Still, as my friend Spiros said, for no apparent reason since we were discussing the Euro crisis at the time:

“Do you know Mick, hermits tend not to breed.”

That’s Crete for you.

5. Lore and Disorder

#5  Lore and disorder

Sat here shaving my pastruma* and blessing the person who thought up that particular use for a camel, I got to considering how Greeks, and Cretans, are essentially a law abiding, religious, people.

According to the very well held local belief, Greek law concerning motor cycle helmets requires that each person on the motorbike be in possession of a helmet  while the bike is moving…it doesn’t require the persons on the bike to wear the helmet, just to have one in their possession**. This explains the common sight around the village of a motorbike/scooter/moped rider proceeding on his or her way at high speed with their helmet carried in the crook of their arm. In fact the only people who appear to wear them are the local motorbike cop (sometimes) and touring German and Austrian bikers (always).

Cretan religiosity is often observed if one sees people passing an Orthodox church; as often as not they will make a sign of the cross on their chest, using the three fingers of their right hand and going from right to left to distinguish them from those western heretics who use other than three fingers and go left to right (atheist, Presbyterian, Jewish and readers who aren’t as intrigued as I am by this sort on minutiae don’t need to bother about this particular detail).

Thus last week: a young couple i.e. younger than me but, as it happens, well out of their teenage years, driving along the road on a totally clapped out Honda 90 moped, both the man on the front and the woman on the pillion seat with their helmets over their arms. They are clearly not that used to this mode of transport and the woman in particular is looking less than happy at the breakneck speed (about 15kph) they are travelling at. As they approach the corner opposite the kafenion in which I was sat, the woman spots that there is a church on the bend and, just as the driver leans the bike into the corner, proceeds to attempt to change the helmet from on hand to the other in order to cross herself. Now, even at 15kph on a gentle corner, the act of transferring a helmet from her right hand to her left hand while simultaneously attempting to cross herself, produced an alarming effect on the stability of the moped which proceeded to wobble alarmingly as the driver struggled to retain control. He eventually managed to get round the corner, thankfully there was no other traffic around, and they continued down the road, the woman still crossing herself but this time with her eyes firmly shut. While I have no doubt her act of piety will reward her in her heaven, I couldn’t help thinking that another one like that would guarantee her arrival there somewhat earlier than planned.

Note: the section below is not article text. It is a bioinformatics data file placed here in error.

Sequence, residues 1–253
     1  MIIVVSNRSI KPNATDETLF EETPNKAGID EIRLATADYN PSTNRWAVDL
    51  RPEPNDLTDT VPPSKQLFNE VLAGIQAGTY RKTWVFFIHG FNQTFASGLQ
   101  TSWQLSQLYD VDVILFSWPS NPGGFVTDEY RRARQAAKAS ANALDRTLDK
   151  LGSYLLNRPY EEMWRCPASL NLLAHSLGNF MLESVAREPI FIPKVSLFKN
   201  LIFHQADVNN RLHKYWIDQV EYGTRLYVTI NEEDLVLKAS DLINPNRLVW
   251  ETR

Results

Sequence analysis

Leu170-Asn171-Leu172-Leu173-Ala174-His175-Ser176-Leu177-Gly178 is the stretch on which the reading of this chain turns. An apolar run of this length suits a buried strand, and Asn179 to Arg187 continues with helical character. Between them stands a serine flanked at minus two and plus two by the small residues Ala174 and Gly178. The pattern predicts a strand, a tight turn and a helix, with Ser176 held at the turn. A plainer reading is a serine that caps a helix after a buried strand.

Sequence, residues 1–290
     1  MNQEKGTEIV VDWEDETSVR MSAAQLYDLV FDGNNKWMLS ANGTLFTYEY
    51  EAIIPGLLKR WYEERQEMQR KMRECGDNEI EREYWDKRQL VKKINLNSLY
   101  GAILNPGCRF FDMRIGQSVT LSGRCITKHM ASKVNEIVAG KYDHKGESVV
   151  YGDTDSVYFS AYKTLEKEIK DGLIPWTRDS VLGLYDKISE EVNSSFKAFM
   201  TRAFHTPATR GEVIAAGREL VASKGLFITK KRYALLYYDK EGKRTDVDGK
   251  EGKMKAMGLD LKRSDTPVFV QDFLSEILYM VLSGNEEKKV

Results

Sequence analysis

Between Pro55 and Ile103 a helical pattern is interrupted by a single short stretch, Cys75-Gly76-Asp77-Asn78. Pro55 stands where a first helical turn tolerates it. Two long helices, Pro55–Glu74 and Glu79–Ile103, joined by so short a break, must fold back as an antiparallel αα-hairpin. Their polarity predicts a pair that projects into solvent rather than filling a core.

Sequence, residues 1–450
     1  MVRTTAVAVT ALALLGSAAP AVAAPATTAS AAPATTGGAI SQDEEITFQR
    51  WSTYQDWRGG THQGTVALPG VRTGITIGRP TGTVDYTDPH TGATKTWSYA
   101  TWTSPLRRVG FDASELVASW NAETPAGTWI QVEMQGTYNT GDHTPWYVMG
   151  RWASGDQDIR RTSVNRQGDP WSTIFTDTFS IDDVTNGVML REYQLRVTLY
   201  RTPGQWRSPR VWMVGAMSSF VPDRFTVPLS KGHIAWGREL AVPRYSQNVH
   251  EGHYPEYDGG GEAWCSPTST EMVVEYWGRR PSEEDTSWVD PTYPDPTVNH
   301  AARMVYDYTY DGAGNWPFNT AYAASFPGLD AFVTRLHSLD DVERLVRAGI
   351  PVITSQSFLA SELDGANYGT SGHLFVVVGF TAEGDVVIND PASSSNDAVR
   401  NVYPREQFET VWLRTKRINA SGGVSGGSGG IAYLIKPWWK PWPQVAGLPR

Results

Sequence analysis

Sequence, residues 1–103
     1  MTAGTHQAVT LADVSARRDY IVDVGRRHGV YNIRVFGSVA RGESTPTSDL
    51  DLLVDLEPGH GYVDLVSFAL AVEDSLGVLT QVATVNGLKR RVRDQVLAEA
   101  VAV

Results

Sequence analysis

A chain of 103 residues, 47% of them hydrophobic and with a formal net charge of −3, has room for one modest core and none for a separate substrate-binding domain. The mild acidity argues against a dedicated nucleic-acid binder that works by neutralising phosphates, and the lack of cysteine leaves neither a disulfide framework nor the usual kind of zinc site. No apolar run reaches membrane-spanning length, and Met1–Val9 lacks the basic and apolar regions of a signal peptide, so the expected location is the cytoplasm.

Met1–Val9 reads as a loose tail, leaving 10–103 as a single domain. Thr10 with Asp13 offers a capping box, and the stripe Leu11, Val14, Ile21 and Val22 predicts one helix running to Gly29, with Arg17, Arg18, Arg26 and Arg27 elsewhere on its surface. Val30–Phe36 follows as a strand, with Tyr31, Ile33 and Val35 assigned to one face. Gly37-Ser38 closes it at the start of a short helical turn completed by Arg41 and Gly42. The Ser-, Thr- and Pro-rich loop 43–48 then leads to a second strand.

As some of you may have noticed, there is a minor problemette with the Greek finances, an issue that was summed up for me by a room owner who, swearing at the fact that she now had to put the money for my overnight stay through the till rather than in the biscuit tin on the bar of the kafenion, explained it all with the immortal, and highly indignant words;

 “Greece has no money left so now I have to pay my taxes!” 

While this is undoubtedly an interesting approach to taxation, it was also one which took on a different complexion in the light of my experience with the same landlady the previous evening. (Don’t panic…it’s nothing like that.) I had need of an ironing board, I know it’s not what you expected to hear but it is nevertheless, true, and I knocked on the door of her room to ask for one. As it happens there was one just inside her apartment with a pile of clothes on the top of it and she readily agreed to allow me the use of it. I started to remove the clothes from the ironing board when she gave a shriek and jumped in to stop me moving any more. There, under the top layer of yet to be ironed clothes, lay a 9mm hand gun and a spare clip of ammunition.  Now I know that there are those who practice ‘Extreme Ironing,’ doing it on the tops of mountains, while parachuting etc. and I know one person who would probably even attempt to do his ironing at 40 metres under the Red Sea if he thought he could get away with it, and if he knew what an iron was, but this was the first time I realised that ‘Cretan Extreme Ironing, requires the participants to be armed. It also made me realise that I wouldn’t fancy being the tax collector in that particular village.


*This is an act that’s perfectly legal in Greece provided one is prepared to put up with the consequences when one ventures out in public after having done so. I recommend using a very sharp knife; the battery driven devices just aren’t up to the job.

**I’ve no idea whether this is correct….as a matter of course, being acquainted with both Cretan roads and Cretan drivers, on the rare occasion I ride a motor bike I always wear at least one helmet, two if I can get away with it.